An important premise of Citizen Sociolinguistics is that people have significant awareness of language and how they use it. People demonstrate this on the Internet by posting detailed definitions on Urban Dictionary (See previous post on UD.), making lengthy side-comments on YouTube about their own “accent” during Accent Challenge videos (See previous post on Konglish.), or just in conversation, talking about new words they’ve learned while traveling or meeting new people (See previous post on “Weg.”).
All this Internet and face-to-face banter about and with language, suggests to me that people have become increasingly liberal in their attitudes about language and more aware about how language can be used flexibly. But “seems” isn’t always “so.” Could it be that these super-aware language users are just a minute sliver of people representing the unique and tiny world I live in? Or, am I deluding myself about their “super-awareness”?
I decided to test the waters of language awareness by sending out a brief “Language Awareness Survey” to my Facebook friends. It consists of six T/F questions, extracted from an ancient revolutionary textbook called Language and Reality, written by Neil Postman in 1966. Here is my much-abridged version of his quiz:
Directions: Answer True (T) or False (F) for each of the statements which follow.
“T”= So far as I know, this statement is more true than false.
“F”= So far as I know, this statement is more false than true.
- ________ The English language has only six major vowel sounds: a, e, i, o, u, and y.
- ________ Correct grammar is grammar that is logical.
- ________ Generally, educated people do not use a dialect when speaking.
- ________ In English, the sentence, “I didn’t do nothing” means “I did do something.”
- ________ Regardless of how many people use the word “irregardless,” it is still not a word in English.
- ________ The more meanings a word has, the less useful it is.
Survey Monkey nicely tabulated the responses from the first 100 Facebook responders before asking for money (apologies to those friends who replied later whose responses I couldn’t use or even see!).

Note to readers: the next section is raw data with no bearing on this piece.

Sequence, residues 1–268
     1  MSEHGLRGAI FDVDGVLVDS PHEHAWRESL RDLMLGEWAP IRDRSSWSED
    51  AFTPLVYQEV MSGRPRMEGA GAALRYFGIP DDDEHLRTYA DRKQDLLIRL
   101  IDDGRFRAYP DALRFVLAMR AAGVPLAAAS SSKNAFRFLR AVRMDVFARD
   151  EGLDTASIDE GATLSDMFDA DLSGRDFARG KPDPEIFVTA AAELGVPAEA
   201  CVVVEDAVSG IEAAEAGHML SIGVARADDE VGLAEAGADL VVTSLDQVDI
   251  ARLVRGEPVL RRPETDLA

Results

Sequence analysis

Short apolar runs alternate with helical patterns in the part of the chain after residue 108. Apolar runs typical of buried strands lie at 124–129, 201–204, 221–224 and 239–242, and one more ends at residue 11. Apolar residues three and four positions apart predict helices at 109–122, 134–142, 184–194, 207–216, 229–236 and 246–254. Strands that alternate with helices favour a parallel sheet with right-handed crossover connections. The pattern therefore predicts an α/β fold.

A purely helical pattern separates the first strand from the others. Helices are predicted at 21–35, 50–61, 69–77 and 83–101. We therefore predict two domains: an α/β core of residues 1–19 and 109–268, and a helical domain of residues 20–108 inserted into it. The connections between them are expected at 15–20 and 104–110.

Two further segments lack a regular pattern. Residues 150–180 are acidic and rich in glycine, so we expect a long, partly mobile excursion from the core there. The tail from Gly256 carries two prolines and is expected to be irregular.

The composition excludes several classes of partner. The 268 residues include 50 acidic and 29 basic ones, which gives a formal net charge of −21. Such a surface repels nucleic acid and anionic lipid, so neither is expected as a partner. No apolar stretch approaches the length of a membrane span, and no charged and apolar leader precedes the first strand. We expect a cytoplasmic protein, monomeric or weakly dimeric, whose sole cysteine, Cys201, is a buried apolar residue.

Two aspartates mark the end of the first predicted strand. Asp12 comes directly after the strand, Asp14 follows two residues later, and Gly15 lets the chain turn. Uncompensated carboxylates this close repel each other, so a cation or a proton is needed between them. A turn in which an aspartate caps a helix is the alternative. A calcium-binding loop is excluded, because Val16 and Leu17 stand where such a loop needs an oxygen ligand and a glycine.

Given that Facebook responders are officially designated my “friends,” I assumed we would all have pretty much the same (“correct”) responses to these questions. My own humble responses would be False, False, False, False, False and, False!
A very smart Facebook responder must have had the same assumption (and shared my answers) because he commented,
“Advice on survey construction, don’t frame all or most questions so they have the same answer or same negation structure.”
Not only did I construct the survey poorly, but, as the results below illustrate, nobody paid much heed to this huge hint as to the “correct” answers when responding:
|1. The English language has only six major vowel sounds: a, e, i, o, u, and y.||30||68|
|2. Correct grammar is grammar that is logical.||19||79|
|3. Generally, educated people do not use a dialect when speaking.||7||93|
|4. In English, the sentence, “I didn’t do nothing” means “I did do something.”||46||53|
|5. Regardless of how many people use the word “irregardless,”it is still not a word in English.||56||40|
|6. The more meanings a word has, the less useful it is.||9||85|
My first impression was shock and delight! My Facebook friends and I have more divergent views about language than I would have predicted. But I do have some possible (and potentially exciting) explanations, which I will delve into in my next post. In the meantime, send your comments. Do these results surprise you too? Why do you think the responses were so wide-ranging? If you would (or did) post answers other than F, F, F, F, F, F, why?